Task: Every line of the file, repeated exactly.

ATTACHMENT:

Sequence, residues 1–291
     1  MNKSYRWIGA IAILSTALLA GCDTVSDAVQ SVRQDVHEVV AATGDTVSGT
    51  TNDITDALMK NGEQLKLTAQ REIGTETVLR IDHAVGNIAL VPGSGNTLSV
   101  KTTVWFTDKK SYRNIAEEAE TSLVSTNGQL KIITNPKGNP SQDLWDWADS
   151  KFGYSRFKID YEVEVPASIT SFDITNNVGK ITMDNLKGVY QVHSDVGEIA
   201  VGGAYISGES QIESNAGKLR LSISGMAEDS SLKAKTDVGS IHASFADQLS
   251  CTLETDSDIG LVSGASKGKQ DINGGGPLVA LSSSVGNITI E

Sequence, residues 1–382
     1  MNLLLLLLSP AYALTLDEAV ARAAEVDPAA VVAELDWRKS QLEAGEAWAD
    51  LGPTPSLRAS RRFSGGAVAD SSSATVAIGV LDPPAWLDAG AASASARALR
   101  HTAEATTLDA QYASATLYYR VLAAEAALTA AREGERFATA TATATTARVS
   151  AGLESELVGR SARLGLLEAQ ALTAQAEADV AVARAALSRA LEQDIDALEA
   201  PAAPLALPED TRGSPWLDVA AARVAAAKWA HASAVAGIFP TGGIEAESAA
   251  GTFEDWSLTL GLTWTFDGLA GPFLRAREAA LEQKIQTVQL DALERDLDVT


Sequence, residues 1–291
     1  MNKSYRWIGA IAILSTALLA GCDTVSDAVQ SVRQDVHEVV AATGDTVSGT
    51  TNDITDALMK NGEQLKLTAQ REIGTETVLR IDHAVGNIAL VPGSGNTLSV
   101  KTTVWFTDKK SYRNIAEEAE TSLVSTNGQL KIITNPKGNP SQDLWDWADS
   151  KFGYSRFKID YEVEVPASIT SFDITNNVGK ITMDNLKGVY QVHSDVGEIA
   201  VGGAYISGES QIESNAGKLR LSISGMAEDS SLKAKTDVGS IHASFADQLS
   251  CTLETDSDIG LVSGASKGKQ DINGGGPLVA LSSSVGNITI E

Sequence, residues 1–382
     1  MNLLLLLLSP AYALTLDEAV ARAAEVDPAA VVAELDWRKS QLEAGEAWAD
    51  LGPTPSLRAS RRFSGGAVAD SSSATVAIGV LDPPAWLDAG AASASARALR
   101  HTAEATTLDA QYASATLYYR VLAAEAALTA AREGERFATA TATATTARVS
   151  AGLESELVGR SARLGLLEAQ ALTAQAEADV AVARAALSRA LEQDIDALEA
   201  PAAPLALPED TRGSPWLDVA AARVAAAKWA HASAVAGIFP TGGIEAESAA
   251  GTFEDWSLTL GLTWTFDGLA GPFLRAREAA LEQKIQTVQL DALERDLDVT